How can job vacancies have risen 345% in a year – but unemployment still be so high?

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New data reveals that the number of job vacancies in some sectors has risen a massive 345% in a year. Despite this, the UK unemployment rate is now higher than it was at the start of the pandemic.

So why aren’t these empty jobs being filled? And what factors are to blame?

What is the current unemployment rate?

According to the latest data from the Office for National Statistics (ONS), the current UK unemployment rate is 4.6%. This is 0.6% higher than it was before the pandemic and 0.86% higher than it was in2019.

In fact, the UK’s unemployment rate is now at its highest level since 2016, when it peaked at 4.81%. 

How many job vacancies are there?

Despite relatively high levels of unemployment, there were 1.1 million job vacancies between July and September this year, according to the ONS. This is the highest number of jobs available since records began.

According to City Plumbing’s School’s Out, Trade’s in report, nearly 100,000 of these empty vacancies are in the trade and construction sectors, which is roughly 8% of all open roles. This is a massive 345% increase compared to last year.

Aside from job vacancies, the report also revealed that 3.7 million working adults are considering switching to a career in the trade or construction sector, with plumbing being the most popular option. This suggests that there is a clear shortage of qualified tradespeople.

According to the report, the average advertised salary of a plumber now stands at £38,573. This is comfortably above the average UK salary of around £31,500 per year. Interestingly, heating engineer is now the most in-demand occupation amongst tradespeople, with the average role commanding a £44,305 salary.

Why is unemployment so high despite lots of available jobs?

While some may be tempted to point the finger at our ‘lazy society’ as the reason for the UK’s high unemployment rate, there are other far more plausible reasons behind the high number of job vacancies.

Here are four reasons why the UK has so many job vacancies, despite its high unemployment rate.

1. Lower migration

According to the Institute for Employment Studies, between ‘a quarter and a third’ of empty UK job vacancies can be explained by lower migration.

Some reports have previously suggested that as many as one million people left the UK as a result of its decision to leave the European Union. This has undoubtedly led to a shortage of people available to fulfil skilled roles.

2. The domestic skills gap

On a similar note to lower migration, it is widely understood that the UK does not have enough skilled workers to fulfil the number of available skilled roles.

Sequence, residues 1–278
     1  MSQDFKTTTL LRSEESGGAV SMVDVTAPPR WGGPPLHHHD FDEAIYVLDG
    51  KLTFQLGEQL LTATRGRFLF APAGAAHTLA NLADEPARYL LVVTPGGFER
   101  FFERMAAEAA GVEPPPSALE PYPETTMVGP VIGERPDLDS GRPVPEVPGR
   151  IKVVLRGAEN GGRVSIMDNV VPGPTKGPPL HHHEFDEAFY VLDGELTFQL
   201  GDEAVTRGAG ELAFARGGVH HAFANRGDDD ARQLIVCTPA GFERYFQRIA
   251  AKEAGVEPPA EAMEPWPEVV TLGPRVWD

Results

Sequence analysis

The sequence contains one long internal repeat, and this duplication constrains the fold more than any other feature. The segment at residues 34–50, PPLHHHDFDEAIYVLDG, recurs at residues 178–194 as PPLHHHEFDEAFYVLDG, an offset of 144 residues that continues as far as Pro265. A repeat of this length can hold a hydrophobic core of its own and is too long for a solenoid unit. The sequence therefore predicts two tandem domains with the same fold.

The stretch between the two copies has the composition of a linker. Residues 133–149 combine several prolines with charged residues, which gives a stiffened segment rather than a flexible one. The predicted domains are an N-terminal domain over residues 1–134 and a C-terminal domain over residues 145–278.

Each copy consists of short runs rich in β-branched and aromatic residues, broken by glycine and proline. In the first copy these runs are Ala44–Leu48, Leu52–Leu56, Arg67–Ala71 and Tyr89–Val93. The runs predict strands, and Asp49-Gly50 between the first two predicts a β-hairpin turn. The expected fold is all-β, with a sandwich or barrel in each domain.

Earlier this year, Kate Shoesmith, deputy chief executive of the Recruitment & Employment Confederation, said she feared the UK’s skills shortage has the potential to hamper the country’s recovery from Covid-19.

She explained, “With demand spiking, the skills and labour shortages that already existed in the UK have come into sharper focus – and Covid has only made them worse.

“This is the most pressing issue in the jobs market right now, and has the potential to slow down the recovery.”

3. Workers being reluctant to take on roles in hospitality

Last year, a number of hospitality roles were lost due to Covid-19. In addition, many hospitality workers had their hours cut, or jobs suspended at short notice due to successive lockdowns. As a result, its plausible many former hospitality workers have left the sector in favour of more secure roles.

It’s worth knowing that the majority of empty UK job vacancies are in the hospitality sector. This suggests there is an imbalance between the types of jobs workers are seeking, and the roles that are available.

4. Low wages and rising inflation

It’s no secret that the cost of living is on the rise, with the Bank of England recently suggesting that the inflation rate could hit 4% by the end of the year. Because of this, there may be an expectation among workers that wages should rise in line with inflation.

While average salaries are starting to climb, it’s possible many workers feel a number of roles still pay too little.

Will the UK’s unemployment rate fall?

While the unemployment rate is high, it’s clear to see why there is still a record number of job vacancies.

Whether the unemployment rate will fall over the coming months will mainly depend on two things:

  1. Whether the UK can address its skills shortage
  2. Whether employers have the appetite to pay employees more in a post-Covid world

To learn more about the impacts of unemployment and inflation, see the Motley Fool’s most recent personal finance articles.

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